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Incoming doctoral student Ruitian Yan wants to help vulnerable communities safely manage their risks, including financial.

Ruitian Yan stands outside near the water.
Incoming doctoral student Ruitian Yan looks forward to opportunities to work with climate-vulnerable North Carolina communities. “That’s something important for me to be a part of,” she said. (Submitted photo)

When Ruitian Yan left her first undergraduate climate science class, she remembers feeling deeply concerned.

“Oh, my God,” she recalled thinking, “Global warming is happening so fast, I’ve got to do something.”

Aside from her concerns about the urgency of climate actions, Yan wanted to study environmental science because it combines natural sciences, social sciences and economics.

After graduating from Brown University in 2020 with a bachelor’s degree in environmental science, she started a career in finance and began reviewing investment projects and portfolios from environmental, social and governance angles. The work showed her the possibilities of leveraging the influence of the financial sector for climate actions through a more comprehensive understanding of climate risk.

In the course of her work, Yan came across a research paper on climate risk and property values authored by Miyuki Hino, an assistant professor in the city and regional planning department and an adjunct assistant professor in the Environment, Ecology & Energy program. Yan immediately knew she wanted to study the subject further and reached out to Hino, who encouraged her to apply for her doctoral program. Yan will begin her doctoral studies in the Environment, Ecology and Energy program this fall.

Hino will serve as Yan’s primary academic adviser. Yan will also be working with the research group led by Antonia Sebastian, an assistant professor in the College of Arts and Sciences’ earth, marine and environmental sciences department. Yan said she was impressed by the guidance other students offered her during her initial visit to Carolina.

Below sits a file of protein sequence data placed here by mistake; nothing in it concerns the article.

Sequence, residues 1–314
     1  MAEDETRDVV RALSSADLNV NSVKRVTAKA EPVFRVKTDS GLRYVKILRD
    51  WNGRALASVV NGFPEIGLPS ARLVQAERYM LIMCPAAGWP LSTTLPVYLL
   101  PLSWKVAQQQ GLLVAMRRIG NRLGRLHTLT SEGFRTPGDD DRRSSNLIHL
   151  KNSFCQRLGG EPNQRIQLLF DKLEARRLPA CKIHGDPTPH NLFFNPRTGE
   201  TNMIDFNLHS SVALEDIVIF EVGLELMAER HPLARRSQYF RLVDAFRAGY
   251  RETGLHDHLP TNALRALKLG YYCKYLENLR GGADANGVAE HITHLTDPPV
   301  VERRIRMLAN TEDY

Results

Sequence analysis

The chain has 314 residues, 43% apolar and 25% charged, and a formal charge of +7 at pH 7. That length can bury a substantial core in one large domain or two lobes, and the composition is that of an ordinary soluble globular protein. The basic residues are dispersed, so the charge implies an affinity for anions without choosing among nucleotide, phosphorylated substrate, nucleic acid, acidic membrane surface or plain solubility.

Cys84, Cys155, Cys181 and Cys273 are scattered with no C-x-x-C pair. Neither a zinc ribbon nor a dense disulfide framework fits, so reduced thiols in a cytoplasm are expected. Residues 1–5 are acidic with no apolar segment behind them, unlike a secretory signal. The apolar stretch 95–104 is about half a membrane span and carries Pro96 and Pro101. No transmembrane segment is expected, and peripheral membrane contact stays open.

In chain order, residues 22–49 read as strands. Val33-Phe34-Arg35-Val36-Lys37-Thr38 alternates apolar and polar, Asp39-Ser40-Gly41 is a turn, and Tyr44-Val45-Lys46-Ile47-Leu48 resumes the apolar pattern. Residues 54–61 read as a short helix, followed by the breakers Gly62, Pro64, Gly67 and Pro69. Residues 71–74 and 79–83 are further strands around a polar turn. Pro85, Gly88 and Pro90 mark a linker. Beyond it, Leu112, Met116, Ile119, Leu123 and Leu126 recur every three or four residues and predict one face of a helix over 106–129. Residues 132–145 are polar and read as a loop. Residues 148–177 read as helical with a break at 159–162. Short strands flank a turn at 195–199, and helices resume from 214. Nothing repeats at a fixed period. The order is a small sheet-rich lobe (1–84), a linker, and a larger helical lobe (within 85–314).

“Another reason I chose to come to UNC is because of the community,” she said. “The Ph.D. program is going to be hard, so I think having great people with me who share my values and who I can learn from is a great part of what UNC can provide.”

Yan will work with her peers and advisers on the Carolinas Collaborative on Climate, Health and Equity, a research project funded by the National Oceanic and Atmospheric Administration’s Climate Adaptation Partnerships program. It is a community-based research project that aims to combine social and physical sciences as well as regional knowledge to address communities’ vulnerabilities to climate threats.

The focus on communities is important to Yan. She hopes to help communities that are vulnerable to climate risks have their voices heard and safely manage their risk, specifically in North Carolina.

“In North Carolina, especially in the coastal areas, there’s a lot of climate vulnerability,” Yan said. “So part of my research will be locally based, and that’s something I’m eager to participate in, especially living in the area and feeling the impact of that research. That’s something important for me to be a part of.”

By Ethan Quinn, University Communications

Read more stories about new Tar Heels.

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